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Advocates rally against ordinance allowing police to sweep homeless encampments in Manchester

The alderman who proposed the ordinance wants police to be able to hand out citations for public camping even if no shelter beds are available

A homeless person in Veteran’s Memorial Park on April 22, 2023, in Manchester, N.H.Andrew Burke-Stevenson/Andrew Burke-Stevenson for The Boston Globe

CONCORD, N.H. — Manchester’s aldermen are meeting tonight, and housing justice advocates are planning to rally outside city hall an hour before the public comment period at 7 p.m

They’re hoping the demonstration will convince aldermen to kill an ordinance allowing police to sweep homeless encampments on public property even when shelters are full.

Alderman Joe Kelly Levasseur proposed the ordinance in July.

“After watching a woman who had propped up a tent at City Hall last month and then hearing and watching her video, I learned that our police officers, under Ordinance 130.13 Camping in Public Places, cannot hand out citations for public camping if no beds are available,” Levasseur wrote in a memorandum to the Committee on Public Safety, Health & Traffic.


“The effect of this ordinance is that it handcuffs our police officers from enforcing state statute 236:58 by placing unreasonable restrictions on the city,” he continued. He drafted an ordinance allowing police to cite people for camping even when no shelter space is available.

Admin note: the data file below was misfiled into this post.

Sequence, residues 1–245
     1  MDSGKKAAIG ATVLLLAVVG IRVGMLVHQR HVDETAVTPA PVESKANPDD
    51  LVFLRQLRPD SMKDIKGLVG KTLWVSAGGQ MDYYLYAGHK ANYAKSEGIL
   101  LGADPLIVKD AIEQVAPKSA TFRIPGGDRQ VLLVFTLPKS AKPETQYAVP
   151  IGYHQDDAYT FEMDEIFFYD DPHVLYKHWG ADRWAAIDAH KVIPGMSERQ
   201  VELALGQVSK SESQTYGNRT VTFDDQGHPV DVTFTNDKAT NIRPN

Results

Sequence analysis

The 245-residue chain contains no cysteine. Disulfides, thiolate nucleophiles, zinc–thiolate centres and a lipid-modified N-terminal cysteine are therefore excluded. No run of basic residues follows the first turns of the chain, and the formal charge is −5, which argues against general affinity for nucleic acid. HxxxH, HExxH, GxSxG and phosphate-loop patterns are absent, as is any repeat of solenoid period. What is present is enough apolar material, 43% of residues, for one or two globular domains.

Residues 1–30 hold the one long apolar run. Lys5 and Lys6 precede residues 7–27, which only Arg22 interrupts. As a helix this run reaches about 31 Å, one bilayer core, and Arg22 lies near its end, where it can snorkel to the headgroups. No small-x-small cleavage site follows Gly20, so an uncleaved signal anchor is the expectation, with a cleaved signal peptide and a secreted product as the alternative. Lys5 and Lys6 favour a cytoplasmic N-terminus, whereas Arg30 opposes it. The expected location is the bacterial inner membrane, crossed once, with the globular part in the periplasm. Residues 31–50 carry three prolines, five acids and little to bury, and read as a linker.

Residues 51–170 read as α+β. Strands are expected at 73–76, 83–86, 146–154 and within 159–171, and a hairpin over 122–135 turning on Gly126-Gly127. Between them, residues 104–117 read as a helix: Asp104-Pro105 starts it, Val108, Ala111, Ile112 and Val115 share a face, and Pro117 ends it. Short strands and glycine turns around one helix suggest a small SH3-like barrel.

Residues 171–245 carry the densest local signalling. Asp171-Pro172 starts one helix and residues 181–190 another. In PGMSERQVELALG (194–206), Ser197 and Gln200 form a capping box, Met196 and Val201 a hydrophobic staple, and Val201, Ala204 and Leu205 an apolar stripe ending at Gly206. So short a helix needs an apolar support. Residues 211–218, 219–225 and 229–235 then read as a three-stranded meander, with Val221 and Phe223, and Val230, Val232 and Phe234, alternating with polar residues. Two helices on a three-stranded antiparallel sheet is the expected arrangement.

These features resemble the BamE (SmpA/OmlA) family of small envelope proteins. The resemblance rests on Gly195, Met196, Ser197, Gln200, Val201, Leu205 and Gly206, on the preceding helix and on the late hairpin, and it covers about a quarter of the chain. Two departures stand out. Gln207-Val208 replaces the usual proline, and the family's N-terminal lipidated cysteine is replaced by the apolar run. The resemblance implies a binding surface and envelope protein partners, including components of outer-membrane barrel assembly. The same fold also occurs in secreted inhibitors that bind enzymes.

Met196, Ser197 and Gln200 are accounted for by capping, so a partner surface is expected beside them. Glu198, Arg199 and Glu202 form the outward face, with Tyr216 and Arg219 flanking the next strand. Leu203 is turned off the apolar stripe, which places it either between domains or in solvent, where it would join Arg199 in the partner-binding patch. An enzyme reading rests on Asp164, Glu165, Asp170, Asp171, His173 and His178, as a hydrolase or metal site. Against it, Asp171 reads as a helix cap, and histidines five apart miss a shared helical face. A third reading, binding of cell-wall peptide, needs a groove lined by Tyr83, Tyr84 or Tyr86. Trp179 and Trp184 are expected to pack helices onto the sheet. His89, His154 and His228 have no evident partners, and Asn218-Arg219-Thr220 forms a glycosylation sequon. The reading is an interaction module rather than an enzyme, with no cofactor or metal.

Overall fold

Although that ordinance has been tabled, the organizers want aldermen to kill it outright to eliminate the possibility of it getting reintroduced and passed.

“What we’re constantly seeing is our shelters are either at capacity or near capacity most nights,” said Brandon Lemay, a New Hampshire housing justice organizer with Rights and Democracy.

In previous years, he said, shelters were only full when there was bad weather. But now, he said, the number of people seeking services is often greater than available beds. Preliminary data shows that homelessness in New Hampshire is up more than 50 percent compared to last year, WMUR reported.

“It’s no surprise there are more people on the streets,” Lemay said. But he said criminalizing homelessness is the wrong approach, although he worries elected officials may use it to score political points during an election year.


“We also realize this is an election season and homelessness is a huge issue. We’re worried that these kinds of measures are just there to show the public they’re trying to do something,” he said, adding that being tough on crime is often equated to being tough on homelessness.

He said elected officials should instead focus on investing in housing.

The rally will start at 6 p.m. Supporting organizations include 350 NH Action, the American Civil Liberties Union, American Friends Service Committee, the Act Now to Stop War and End Racism Coalition, the New Hampshire Youth Movement, and others.

This story first appeared in Globe NH | Morning Report, our free newsletter focused on the news you need to know about New Hampshire, including great coverage from the Boston Globe and links to interesting articles from other places. If you’d like to receive it via e-mail Monday through Friday, you can sign up here.

Amanda Gokee can be reached at Follow her @amanda_gokee.